Odious governments. Tim Burke muses on how the world should treat thieves who hold nations hostage--and on what duties we owe to their hostages:
Tim Burke: Rentiers of Sovereignty: I've had to deal with a situation this week that involves some complicated transactions over the title to a used car, on behalf of someone else. The mechanisms of title transfer are a hassle, but I'm also largely glad that we have them. This seems to me a function of a modern state that even a libertarian has to love: mechanisms ensuring that people who claim and transfer expensive property are entitled to those claims and rights....
[Y]ou may have seen a story about Angola... conforming to the conventional wisdom that Africa defines the worst of the human condition in the 21st Century. I wouldn't challenge that conventional wisdom in this case, or many others. Angola's tiny governmental elite is raking in huge sums from smaller multinationals involved in pumping out offshore petroleum, and virtually none of that money is going to any public function of any kind....
Angola is the kind of situation that made me think very differently about sovereignty, and about the kinds of politics, both conservative and leftist, that mark the achievement of sovereignty as the initial and necessary condition of achieving prosperity and freedom. Sovereignty is the material resource that the Angolan elite controls and sells, not oil. They are rentiers who extract wealth from selling permission for extraction... no different than a car thief who hotwires a car parked outside a suburban home, drives it fifty miles, and then sells the car on eBay.... The car thief is going to run into trouble establishing a title that can be transferred legitimately. The Angolan elite has no such difficulty.
All the international institutions which exist recognize them as possessing title to sovereignty.... That's not a conservative or liberal thing... [but] an indictment of the entire interstate system built up over the course of the 20th Century, in all its parts and particulars. That system gives titles and ownership to thieves, and allows thieves to sell their goods to supposedly legitimate businesses....
I can't buy a hot car and expect the government to sanction my ownership. If I pass cash under the table to get the car, the car stays hot, and I can expect it to be taken from me at any time to be returned to its rightful owner. All the petroleum that comes out of Angola today is equally stolen. The people who peddle Angola's sovereignty have no right to sell it, and those who buy it know that perfectly well. We need some kind of global system that refuses that transfer of title.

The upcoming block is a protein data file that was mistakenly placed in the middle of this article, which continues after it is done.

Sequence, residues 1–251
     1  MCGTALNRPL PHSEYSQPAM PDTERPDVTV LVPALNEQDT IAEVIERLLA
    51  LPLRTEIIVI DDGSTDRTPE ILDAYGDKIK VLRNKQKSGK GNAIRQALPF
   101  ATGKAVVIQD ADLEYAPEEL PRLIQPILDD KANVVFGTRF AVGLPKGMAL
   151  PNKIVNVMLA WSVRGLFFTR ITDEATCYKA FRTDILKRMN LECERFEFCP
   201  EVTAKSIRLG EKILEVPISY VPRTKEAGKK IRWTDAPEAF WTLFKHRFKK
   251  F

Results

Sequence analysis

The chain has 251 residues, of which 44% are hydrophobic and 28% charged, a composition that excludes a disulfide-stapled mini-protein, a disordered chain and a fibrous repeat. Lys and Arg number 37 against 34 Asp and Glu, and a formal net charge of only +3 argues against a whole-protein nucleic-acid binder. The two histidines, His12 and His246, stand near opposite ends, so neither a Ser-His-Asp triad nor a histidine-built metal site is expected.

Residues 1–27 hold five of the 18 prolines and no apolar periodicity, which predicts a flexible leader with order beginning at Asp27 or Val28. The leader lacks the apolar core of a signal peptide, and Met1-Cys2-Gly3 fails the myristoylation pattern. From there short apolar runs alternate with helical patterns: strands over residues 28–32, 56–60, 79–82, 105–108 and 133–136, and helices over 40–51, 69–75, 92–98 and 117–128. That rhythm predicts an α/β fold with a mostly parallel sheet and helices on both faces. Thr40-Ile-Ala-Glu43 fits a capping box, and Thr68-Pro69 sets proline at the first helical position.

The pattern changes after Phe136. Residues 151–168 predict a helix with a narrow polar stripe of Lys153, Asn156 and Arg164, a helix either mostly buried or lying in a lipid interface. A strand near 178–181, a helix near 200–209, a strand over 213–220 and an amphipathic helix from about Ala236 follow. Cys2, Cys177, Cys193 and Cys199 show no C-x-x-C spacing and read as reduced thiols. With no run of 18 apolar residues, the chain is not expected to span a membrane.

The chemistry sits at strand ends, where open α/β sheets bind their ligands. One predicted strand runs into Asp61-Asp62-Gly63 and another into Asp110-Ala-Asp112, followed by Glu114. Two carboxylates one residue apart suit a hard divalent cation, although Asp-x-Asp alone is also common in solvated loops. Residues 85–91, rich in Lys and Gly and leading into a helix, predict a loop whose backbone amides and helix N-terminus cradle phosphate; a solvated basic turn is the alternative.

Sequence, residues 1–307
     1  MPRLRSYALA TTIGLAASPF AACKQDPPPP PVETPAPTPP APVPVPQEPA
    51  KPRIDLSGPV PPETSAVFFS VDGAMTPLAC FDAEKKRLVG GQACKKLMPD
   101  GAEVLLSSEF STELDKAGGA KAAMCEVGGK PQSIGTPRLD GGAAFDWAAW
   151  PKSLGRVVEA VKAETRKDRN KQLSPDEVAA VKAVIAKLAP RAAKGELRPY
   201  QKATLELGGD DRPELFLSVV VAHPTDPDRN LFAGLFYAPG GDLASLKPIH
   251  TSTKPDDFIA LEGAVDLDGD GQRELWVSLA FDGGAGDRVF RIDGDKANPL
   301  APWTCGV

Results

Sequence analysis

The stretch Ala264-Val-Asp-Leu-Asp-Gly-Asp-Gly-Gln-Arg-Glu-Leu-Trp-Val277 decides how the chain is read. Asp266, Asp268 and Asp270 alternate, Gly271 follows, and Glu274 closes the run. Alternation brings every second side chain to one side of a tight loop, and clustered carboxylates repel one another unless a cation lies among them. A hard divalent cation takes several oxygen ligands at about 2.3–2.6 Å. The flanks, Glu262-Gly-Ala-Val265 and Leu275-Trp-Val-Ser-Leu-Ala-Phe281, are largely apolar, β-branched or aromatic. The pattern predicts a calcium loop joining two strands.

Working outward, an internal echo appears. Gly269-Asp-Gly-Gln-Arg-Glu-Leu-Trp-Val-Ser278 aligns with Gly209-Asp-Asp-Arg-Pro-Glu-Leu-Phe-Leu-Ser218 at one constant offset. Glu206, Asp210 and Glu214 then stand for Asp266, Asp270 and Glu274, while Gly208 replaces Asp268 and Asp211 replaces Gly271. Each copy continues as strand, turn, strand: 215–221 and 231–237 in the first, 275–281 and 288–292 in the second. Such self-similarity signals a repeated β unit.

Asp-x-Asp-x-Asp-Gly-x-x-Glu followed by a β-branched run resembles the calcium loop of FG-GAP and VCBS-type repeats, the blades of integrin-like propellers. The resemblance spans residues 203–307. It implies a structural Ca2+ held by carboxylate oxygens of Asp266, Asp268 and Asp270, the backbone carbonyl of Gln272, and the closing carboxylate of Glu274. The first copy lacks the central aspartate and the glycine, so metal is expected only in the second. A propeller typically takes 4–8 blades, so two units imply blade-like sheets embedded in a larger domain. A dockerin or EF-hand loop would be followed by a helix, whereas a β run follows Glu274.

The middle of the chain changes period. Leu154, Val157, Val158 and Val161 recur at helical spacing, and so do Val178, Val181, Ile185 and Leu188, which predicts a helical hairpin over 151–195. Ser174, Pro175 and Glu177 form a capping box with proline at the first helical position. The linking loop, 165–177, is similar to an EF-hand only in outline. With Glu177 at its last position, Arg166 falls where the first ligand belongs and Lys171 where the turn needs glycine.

I still feel, for all the water that has flowed under this particular bridge, that this is one case where dissatisfactions with sovereignty on both the right and the left ought to be able to meet productively. The problem of Angola and the problem of Iraq before the war have some real resemblances, and in both cases, passive defenses of sovereignty are unacceptable answers. The war in Iraq wasn't the right alternative; neither would be an extensive ambition to govern Angola through international institutions in productive ways that its own elite will not. The gut-wrenching truth of the human condition in the 21st Century is that some suffering cannot be easily abated or forcibly relieved. But we should imagine what we can do, not merely accept what we cannot. I think that the beginning of a new era of action involves a steady contempt for sovereignty and the claims made in its name, and the construction of a new international system that reflects that contempt. Let's call Angola's elite what they are: thieves. Let's call the companies pumping oil out of Angola what they are: the purchasers of stolen property. Let's make it as difficult as we can for thieves to fence stolen sovereignties, and for purchasers to buy the same.
The question is: How far do you go? What do you do with somebody like Ibrahim Babangida of Nigeria--ex-dictator, called by some (according to Wikipedia) the most corrupt man in Africa, who stole more than $10 billion from Nigeria for himself and his cronies? What do you do with those who worked for him? With their families? With those who advocate "culturally sensitive account[s]" of Babangida's rule "as a corrective to standardized journalistic and political science cliches"?
I might be in favor of a system in which by unanimous vote the UN Security Council could declare governments to be "odious" and to put those who lend to or trade with them on notice that recompense will someday be demanded. But would this do much to help the people who are victims of such governments? I might also be in favor of a system in which by unanimous vote the UN Security Council could call for theoverthrow of governments--and assemble coalitions to do the job. But trade embargoes are dangerous things, and often counterproductive. Who has gained, really, from the U.S. decision that Castro's regime in Cuba was odious?
And wars are terrible things.